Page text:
Terminological Anachronism: moving beyond philosophy and shamanism
This question of terminological anachronism is not just an intellectual game but has huge implications for how we write history. My book will be a systematic experiment in "emic historiography," that it to say, in using actors' terms and categories as much as possible while steering clear (again: as much as possible) of modern terminologies and conceptualizations. It is only in this manner, I believe, that we'll be able to clearly trace the processes of transformation that happen when those new terminologies are introduced for the first time and then evolve through history towards understandings that we are able to recognize as our own. I should perhaps add that in advocating "emic historiography" here, I'm not making any arguments about the ultimate truth of those actors' categories (so-called "religionists" often evoke "the emic approach" in an attempt to suggest that not modern scholars with their etic instruments but "practitioners" are the ultimate arbiters of religious or spiritual truth, but that is not at all what I am talking about here). Instead, I am making an argument about scholarly, modern, or intellectual prejudice and its impact on our efforts to understand the past. My ruling assumption will be quite simply that nobody knows the future, and it's misleading for historians to suggest otherwise. The very term "Presocratics" is an excellent example. Even though a young Socrates may have shaken hands with a very old Parmenides, the point is that Thales, Anaximander, Heraclitus, Parmenides, Zeno, Pythagoras and the rest did not know the future and therefore didn't know that they were "Presocratics" - or would ever be. Most certainly they had never heard of a "philosopher" (what's that?) called Plato, and they couldn't know that they would soon be perceived as ancestors or forerunners of a great Platonic tradition - not to mention the fact that they had no idea of how its representatives (or its Christian successors - even more unimaginable to them) would start cherry-picking from their writings, guided by what they as Platonists happened to find interesting and worth retaining, while discarding the rest as irrelevant to their concerns. So the question is: how did they see themselves, and how did their contemporaries see them? Not as Presocratics. Not as philosophers either. So they were seen - as what?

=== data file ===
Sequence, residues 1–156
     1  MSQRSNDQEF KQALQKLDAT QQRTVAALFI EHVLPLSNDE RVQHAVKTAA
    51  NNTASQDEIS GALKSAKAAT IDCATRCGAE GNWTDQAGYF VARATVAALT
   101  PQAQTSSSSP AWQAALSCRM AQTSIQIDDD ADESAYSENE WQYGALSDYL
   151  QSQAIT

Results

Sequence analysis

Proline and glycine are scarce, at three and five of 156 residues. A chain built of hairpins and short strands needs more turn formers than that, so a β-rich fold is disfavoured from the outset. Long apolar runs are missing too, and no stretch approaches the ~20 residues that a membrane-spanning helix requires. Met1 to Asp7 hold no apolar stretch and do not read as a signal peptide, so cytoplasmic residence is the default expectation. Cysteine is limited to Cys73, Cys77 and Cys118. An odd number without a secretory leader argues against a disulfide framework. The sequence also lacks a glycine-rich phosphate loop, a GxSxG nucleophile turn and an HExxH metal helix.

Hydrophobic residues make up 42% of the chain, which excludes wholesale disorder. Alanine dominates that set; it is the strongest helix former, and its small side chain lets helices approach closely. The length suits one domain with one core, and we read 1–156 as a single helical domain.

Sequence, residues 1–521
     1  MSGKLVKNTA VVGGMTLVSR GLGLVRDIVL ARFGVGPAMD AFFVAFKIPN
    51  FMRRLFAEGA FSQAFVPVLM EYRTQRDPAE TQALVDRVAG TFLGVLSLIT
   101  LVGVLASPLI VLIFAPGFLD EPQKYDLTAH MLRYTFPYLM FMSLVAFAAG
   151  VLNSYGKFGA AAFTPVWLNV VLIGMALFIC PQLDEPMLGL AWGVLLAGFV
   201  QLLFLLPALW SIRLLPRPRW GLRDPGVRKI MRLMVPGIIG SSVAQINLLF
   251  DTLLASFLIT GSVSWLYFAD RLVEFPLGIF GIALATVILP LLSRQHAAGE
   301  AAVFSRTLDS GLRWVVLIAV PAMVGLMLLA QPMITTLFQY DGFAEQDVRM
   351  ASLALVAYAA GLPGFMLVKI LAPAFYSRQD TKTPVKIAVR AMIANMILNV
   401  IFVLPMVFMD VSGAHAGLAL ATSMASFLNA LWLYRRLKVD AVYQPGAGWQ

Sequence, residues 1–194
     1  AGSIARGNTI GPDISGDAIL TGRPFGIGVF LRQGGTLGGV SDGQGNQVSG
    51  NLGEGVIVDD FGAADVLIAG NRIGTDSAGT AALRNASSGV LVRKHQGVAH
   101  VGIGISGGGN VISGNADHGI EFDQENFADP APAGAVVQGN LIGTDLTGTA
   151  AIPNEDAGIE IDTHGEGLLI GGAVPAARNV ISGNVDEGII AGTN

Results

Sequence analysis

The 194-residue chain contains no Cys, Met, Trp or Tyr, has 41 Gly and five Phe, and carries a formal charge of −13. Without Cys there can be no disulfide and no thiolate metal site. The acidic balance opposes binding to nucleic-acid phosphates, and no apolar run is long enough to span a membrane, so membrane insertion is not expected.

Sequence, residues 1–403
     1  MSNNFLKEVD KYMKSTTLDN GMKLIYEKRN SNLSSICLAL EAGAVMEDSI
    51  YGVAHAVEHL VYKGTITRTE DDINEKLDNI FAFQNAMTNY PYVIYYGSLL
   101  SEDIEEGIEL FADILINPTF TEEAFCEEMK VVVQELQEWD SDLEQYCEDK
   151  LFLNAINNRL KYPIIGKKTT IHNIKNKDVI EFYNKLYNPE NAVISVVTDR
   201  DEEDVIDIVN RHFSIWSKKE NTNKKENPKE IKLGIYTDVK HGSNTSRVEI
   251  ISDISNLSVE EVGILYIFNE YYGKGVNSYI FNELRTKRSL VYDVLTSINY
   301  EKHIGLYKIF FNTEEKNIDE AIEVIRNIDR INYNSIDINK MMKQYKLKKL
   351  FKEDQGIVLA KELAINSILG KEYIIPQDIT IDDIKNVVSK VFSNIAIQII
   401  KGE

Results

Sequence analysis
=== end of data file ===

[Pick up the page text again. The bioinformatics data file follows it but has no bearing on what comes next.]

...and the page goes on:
|"A Shaman, or Priest of the Devil" (Nicolaes Witsen, Noord en Oost Tataryen, Amsterdam 1785, 662-663)|
The most common answer that modern scholars have given to that question illustrates the very nature of the problem. Starting with Karl Meuli (in a seminal article "Scythica" published in 1935) and E.R. Dodds (in his classic The Greeks and the Irrational published in 1951), countless scholars have claimed that figures such as Pythagoras, Parmenides, and Empedocles were Shamans. But does that work? In an article for the Festschrift of Jan Bremmer, some years ago, I applauded my Dutch colleague for his contributions to "critical revision of a concept which, while originally derived from a specific Siberian context, was promoted as a universal complex of presumably archetypal patterns in a bestselling book by Mircea Eliade in 1964, and got considerably out of hand ever since". How, I wonder, is it going to get us further if we replace one anachronistic reified concept ("philosophy") by another ("shamanism")? Won't we end up in the same interpretational trap that we wanted to avoid? As always, the problem lies in our cognitive tendencies of reification: we find it very hard to use a general reified concept such as "shamanism" without slipping into the assumption that (1) there really is such a thing as shamanism in the abstract, independent of time, place, or cultural context, and that (2) we have a pretty good idea of what it is. As a result, even if we resist it, we cannot help ourselves imagining Pythagoras, Parmenides, or Empedocles as somehow similar to those folks with drums, animal skins and antlers on their heads that we have seen on pictures of their supposed Siberian counterparts, not to mention contemporary neo-shamans concerned with traveling "in their own minds" for therapeutic purposes of healing and inner transformation. This cognitive tendency is known as "prototype thinking" and is very hard to avoid.